• Wins:  33  (69%)
  • Losses:  14 (29%)
  • Scratch:  1
  • Total Gain Ticks:  339
  • Average Winner:  16 ticks
  • Average Loser:  -15 ticks
  • Total MAE:  629 ticks  / Average MAE:  13 ticks
  • Total MFE:  830 ticks / Average MFE:  17 ticks
  • Best Consecutive Wins:  6
  • Worst Consecutive Losses:  3



For those not familiar MAE = Max Adverse Excursion or the max number of ticks the trade moved against the position while it was active.  MFE = Max Favorable Excursion or the max number of ticks the trade moved in favor of the position while it was active.

Closing Remarks

The purpose of this posts is to show readers a way you might come up with a trading strategy to test and implement.  As I stated above I’m not presenting this as the best strategy in the world or even the most superior way to implement the tendency for corn to perform well on Friday’s (for example readers might look to see if exits T+1 – T+5 produce superior results, if its better to take the set-up only when Corn is above X moving average, etc.) but this is a simple strategy that has done fairly well in a year where Corn is down ~8% for the year.  While it is true the strategy is very simple, people who won’t automate it may find that it isn’t easy.  One example of what can happen when you give yourself control over the entry and the exit is that you may find yourself looking at the MFE table above and thinking that you can outsmart the system by selling closer to the max MFE each week instead of at the close and therefore lock in a larger gain over time.  This is the kind of stuff that kills most traders, its not the strategy they are using, or “they” being out to get your trade, the USDA publishing fake data or anything else…its the inability to follow a plan every time even when we know it has an edge.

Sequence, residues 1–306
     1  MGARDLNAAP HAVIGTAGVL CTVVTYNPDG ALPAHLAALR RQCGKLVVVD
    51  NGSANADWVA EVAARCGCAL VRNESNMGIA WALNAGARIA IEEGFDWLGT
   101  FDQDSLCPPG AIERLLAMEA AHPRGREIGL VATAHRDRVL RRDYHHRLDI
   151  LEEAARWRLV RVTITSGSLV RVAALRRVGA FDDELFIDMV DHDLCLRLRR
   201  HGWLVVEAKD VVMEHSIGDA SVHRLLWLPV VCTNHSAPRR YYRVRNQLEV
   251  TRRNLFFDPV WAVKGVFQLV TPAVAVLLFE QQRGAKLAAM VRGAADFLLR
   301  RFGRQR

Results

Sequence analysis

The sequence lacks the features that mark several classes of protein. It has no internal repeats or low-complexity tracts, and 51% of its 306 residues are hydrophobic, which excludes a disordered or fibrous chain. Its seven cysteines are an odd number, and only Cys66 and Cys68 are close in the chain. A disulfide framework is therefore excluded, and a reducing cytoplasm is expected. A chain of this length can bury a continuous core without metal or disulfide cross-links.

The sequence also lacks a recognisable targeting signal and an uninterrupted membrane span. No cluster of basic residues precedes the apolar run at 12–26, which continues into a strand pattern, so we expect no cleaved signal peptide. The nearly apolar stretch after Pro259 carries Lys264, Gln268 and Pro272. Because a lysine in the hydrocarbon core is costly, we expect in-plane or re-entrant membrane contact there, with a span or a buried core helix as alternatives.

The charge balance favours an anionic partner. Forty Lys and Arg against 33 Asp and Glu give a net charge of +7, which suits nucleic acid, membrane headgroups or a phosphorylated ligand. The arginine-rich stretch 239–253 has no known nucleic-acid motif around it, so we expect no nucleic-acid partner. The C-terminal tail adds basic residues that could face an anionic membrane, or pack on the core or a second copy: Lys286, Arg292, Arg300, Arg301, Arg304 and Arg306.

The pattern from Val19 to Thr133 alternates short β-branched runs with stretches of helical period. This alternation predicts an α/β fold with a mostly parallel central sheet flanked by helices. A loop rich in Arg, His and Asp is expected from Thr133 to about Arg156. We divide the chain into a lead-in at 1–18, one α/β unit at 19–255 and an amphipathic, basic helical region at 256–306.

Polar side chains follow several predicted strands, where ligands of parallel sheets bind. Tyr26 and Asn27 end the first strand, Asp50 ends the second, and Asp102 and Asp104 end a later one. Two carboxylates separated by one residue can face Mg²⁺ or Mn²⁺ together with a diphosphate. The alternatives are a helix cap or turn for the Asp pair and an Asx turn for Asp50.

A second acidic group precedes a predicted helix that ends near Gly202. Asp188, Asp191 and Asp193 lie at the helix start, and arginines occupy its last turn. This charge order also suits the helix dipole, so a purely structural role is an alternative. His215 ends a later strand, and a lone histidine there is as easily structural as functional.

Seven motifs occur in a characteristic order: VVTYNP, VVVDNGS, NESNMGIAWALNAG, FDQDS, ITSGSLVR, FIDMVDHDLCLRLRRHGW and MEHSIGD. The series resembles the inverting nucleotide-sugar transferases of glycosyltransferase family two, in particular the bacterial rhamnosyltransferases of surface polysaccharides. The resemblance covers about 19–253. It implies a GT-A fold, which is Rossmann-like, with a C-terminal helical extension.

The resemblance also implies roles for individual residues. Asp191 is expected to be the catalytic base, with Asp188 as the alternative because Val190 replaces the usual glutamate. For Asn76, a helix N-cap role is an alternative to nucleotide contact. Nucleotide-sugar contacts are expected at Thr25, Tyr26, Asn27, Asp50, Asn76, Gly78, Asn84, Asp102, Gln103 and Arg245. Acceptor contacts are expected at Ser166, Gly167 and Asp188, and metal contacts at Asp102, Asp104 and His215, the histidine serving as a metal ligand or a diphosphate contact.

Finally, if there are any terms in this post you are not familiar with please check the terms used page.  If its not there simply ask me here or on Twitter and I will answer you asap.

*I’ve recently talked about various trading strats on Twitter and some people have come back to me talking to me about absurd slippage assumptions for XYZ market and then after some back and forth have revealed to me that “they don’t trade XYZ market anyway”…..if there are comments in this thread along these lines I will not be responding to them.  If you can’t use basic orders in Corn, which is the deepest of the grains, without getting large slippage you are trading far more size than I do and probably already have far superior strategies for trading than this one.

Best of luck in your trading in the New Year.

  • FF



About Fat F1nger

Full time futures trader.
This entry was posted in Corn, Homework, Process, Trading. Bookmark the permalink.

4 Responses to Idea Generation and Implementation

  1. Thanks for all your work, effort and humor. It is much appreciated. Please keep it going in 2017!

  2. Dan Maltby says:


    On Sun, Dec 18, 2016 at 3:11 PM, FF Trading Blog wrote:

    > Fat F1nger posted: “Apologies to readers that are interested in the blog > that it has been so long since I took any time to write about anything. I > don’t have any good excuses for the break I simply haven’t felt like doing > a post for a while. In the new year I plan on blogg” >